Medical Design and Outsourcing reports that researchers at the University of California, Berkeley have developed a technology they are referring to as “neural dust”. The devices are tiny sensors, the size of a large grain of sand. When implanted in the body, ultrasound is used to vibrate a piezoelectric crystal in the device, generating electrical power that activates a transistor. The device can both stimulate nerve and muscle fibers and detect voltage changes in the tissue to which it is attached. In one mode it can act as a sensor, in the other as a therapeutic device. It is envisioned that the devices could be employed in a variety of ways, such as part of a brain-machine system for controlling prosthetics and as aids in such things as bladder control and appetite suppression.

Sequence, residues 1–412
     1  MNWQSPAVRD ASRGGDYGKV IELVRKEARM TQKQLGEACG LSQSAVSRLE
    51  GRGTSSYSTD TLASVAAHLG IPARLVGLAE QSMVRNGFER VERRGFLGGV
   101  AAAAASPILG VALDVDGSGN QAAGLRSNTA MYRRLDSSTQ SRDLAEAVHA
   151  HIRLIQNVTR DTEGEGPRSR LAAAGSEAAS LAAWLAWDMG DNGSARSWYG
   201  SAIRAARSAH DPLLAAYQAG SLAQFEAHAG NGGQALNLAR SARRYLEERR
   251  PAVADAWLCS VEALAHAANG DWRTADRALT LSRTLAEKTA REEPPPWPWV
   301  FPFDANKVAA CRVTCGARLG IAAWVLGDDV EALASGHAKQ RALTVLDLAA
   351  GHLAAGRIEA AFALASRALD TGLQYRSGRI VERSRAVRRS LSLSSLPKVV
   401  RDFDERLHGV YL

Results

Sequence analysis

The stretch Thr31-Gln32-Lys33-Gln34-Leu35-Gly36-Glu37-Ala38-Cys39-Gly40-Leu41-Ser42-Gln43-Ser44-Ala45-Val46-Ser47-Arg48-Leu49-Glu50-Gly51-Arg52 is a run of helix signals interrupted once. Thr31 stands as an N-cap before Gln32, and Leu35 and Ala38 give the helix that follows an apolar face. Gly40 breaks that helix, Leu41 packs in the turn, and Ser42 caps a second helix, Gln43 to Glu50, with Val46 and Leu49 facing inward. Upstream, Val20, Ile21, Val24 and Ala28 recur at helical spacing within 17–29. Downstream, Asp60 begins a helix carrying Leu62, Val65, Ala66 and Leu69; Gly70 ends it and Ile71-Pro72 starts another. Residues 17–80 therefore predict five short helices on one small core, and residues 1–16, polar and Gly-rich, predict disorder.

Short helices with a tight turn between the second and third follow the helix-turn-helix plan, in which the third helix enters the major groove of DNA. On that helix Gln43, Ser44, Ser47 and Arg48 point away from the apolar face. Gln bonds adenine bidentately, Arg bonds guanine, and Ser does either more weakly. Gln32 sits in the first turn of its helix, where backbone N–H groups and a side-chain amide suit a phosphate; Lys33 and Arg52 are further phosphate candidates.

Though tiny, the devices are still too big at present to be used in the brain and central nervous system. But the Berkeley team believes they can shrink the technology to the 50-micron scale, which would be sufficient.
Berkeley’s “neural dust” is an exciting new medical technology that will be interesting to watch as it develops.